profile

Hello, I'm Wojciech đź‘‹

Scrum - the good parts

Published about 2 months ago • 2 min read

Today, let’s dive into the good parts of a Scrum process. I’m taking a limited perspective of the software development team here. There are many reasons organisations choose Scrum that are not listed here. However, those benefits would apply to different parts of the organisation and it’s up to different teams to analyse them.

Scrum basically awards a protection for the team, allowing them to stop chasing moving targets. Starting with the idea of a sprint, where the team takes a chunk of work that’s ready to implement and starts on it. That means priority or scope changes are basically “frozen” for the time of the sprint - scope must be “final” if the tickets are specific enough to go into the sprint and priority doesn’t matter if the team committed to delivering everything that’s in the sprint scope.

Also, in order to get anything into the sprint, the new behaviour needs to be clearly described in a ticket with no loose ends. This means that before the sprint starts, the team must consult all the relevant stakeholders to make sure their needs align and any compromises are reflected in the final form of the ticket. That later protects the team from somebody jumping in with “that’s not what I wanted”.

One of the product owner’s responsibilities is to decide on the priority between different tasks. As they’re usually structured as a prioritised list in the backlog, you can’t have two tasks that are “equally important”. Sometimes it’s hard to weigh whether a particular request from stakeholder A is more important than a different one from stakeholder B, but Scrum points at one person to make this decision - the product owner.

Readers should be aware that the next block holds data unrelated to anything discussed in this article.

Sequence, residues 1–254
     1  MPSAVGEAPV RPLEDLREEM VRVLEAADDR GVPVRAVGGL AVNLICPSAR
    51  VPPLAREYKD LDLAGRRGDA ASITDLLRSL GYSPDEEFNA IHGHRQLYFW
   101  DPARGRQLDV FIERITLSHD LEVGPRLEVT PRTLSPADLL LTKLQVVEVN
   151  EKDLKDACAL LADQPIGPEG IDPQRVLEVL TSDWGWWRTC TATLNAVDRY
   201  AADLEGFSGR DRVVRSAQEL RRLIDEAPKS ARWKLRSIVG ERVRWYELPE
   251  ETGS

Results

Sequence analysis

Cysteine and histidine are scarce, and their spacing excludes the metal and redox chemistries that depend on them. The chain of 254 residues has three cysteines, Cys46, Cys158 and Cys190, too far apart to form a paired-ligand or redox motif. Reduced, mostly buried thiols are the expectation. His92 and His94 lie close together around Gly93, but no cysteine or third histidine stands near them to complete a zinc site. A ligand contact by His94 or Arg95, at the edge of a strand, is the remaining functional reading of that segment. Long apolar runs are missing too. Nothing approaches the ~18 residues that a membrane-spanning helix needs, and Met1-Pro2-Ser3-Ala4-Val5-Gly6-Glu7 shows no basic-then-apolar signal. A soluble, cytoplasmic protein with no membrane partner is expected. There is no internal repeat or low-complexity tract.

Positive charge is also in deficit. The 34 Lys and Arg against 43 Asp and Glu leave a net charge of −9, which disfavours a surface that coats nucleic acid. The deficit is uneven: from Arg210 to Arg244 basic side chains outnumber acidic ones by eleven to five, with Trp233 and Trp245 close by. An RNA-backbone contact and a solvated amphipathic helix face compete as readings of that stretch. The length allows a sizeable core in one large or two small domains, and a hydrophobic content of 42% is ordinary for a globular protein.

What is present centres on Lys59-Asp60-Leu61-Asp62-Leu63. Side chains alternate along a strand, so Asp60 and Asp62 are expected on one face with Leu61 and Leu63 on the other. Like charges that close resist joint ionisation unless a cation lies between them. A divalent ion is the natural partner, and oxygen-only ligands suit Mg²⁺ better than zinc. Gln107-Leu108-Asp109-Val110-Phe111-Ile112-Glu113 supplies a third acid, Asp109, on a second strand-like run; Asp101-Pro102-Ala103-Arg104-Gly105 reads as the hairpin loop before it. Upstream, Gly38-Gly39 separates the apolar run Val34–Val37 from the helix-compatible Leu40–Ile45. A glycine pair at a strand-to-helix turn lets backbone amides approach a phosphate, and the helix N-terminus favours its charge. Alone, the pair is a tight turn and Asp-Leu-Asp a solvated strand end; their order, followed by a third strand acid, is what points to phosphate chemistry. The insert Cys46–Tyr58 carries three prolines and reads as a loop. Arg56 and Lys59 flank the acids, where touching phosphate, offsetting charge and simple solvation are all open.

Scrum doesn’t really have a concept of deadlines, but rather milestones. That basically means “stuff will get done when it’s done”. It doesn’t mean that the team can slack off, because there are still many ways (many of them rather poor) of measuring the team’s output, but it does mean that it’s much harder to set arbitrary release dates when “everything” has to be ready.

Now, all of the above is theory. In practise the protections that apply to a given team can range from nothing (where team’s forced to do sprints, but they still have to obey urgent requests to drop everything and release something that isn’t even in their current scope) to everything (where they’re free to respond with “sure, let’s put it in the backlog and we’ll get to it”).

The practical point here is to be honest what advantages does your team really get from sticking with Scrum. You might realise that there are no benefits at all (I feel you), or that actually situation’s not bad and this process does help you deliver more reliably (if not faster).

Have a good one,

Wojciech

​

PS. I have lovingly crafted this email using only the best artisanal keystrokes. If you find come across any typos, feel free to fix them yourself and enjoy this new, unique, kintsugi version.

Hello, I'm Wojciech đź‘‹

and that's my daily list

Subscribe to read my programming experiences, ideas, mistakes and tips I wish I'd known myself earlier. Learn how to enable high-performing teams, make an impact, grow as a software engineer and level up your career.

Share this page